Clinical management of airway stenosis is often challenging. We report our experience of performing semi-emergent tracheostomy under extracorporeal membrane oxygenation (ECMO) support in a patient with subglottic airway stenosis. A 33-year-old female patient was admitted with a 3-months' history of dyspnea. She had a breathy voice and mild stridor. Fiberoptic laryngoscopy and CT revealed subglottic stenosis caused by an unknown lesion destroying a part of the cricoid cartilage. Although securing of the airway was required, there was a risk of CVCI (cannot ventilate and cannot intubate) when attempting tracheal intubation. Furthermore, even we, as otolaryngologists, found it extremely difficult to safely perform tracheostomy under local anesthesia, because of the possibility of the lesion affecting the trachea below the cricoid cartilage, presence of a diffuse swollen thyroid gland due to Basedow disease, and moderate obesity. Therefore, we planned to perform tracheostomy under ECMO for maintaining oxygenation. Subsequently, after the anesthesiologist managed to successfully intubate the patient, ECMO was withdrawn and tracheostomy was uneventfully performed under general anesthesia. We consider airway management under ECMO to be useful in patients in whom both tracheal intubation and tracheostomy are considered high risk.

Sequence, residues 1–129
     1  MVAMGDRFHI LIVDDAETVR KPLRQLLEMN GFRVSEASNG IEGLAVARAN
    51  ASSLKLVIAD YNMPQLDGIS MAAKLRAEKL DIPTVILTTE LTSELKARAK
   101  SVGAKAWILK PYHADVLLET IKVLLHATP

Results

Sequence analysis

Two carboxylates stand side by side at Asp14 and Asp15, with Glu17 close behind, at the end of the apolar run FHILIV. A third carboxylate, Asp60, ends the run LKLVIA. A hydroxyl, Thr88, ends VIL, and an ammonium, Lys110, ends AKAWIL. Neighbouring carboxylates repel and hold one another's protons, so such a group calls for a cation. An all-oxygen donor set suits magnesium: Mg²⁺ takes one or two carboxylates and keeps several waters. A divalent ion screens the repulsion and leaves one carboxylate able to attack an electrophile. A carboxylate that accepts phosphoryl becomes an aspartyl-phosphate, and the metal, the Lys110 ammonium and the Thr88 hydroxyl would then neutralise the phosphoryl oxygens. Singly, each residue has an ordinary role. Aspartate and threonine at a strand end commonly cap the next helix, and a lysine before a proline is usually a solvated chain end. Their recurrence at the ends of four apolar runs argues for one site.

- Clinical management of airway stenosis
- Extracorporeal circulation
- Subglottic stenosis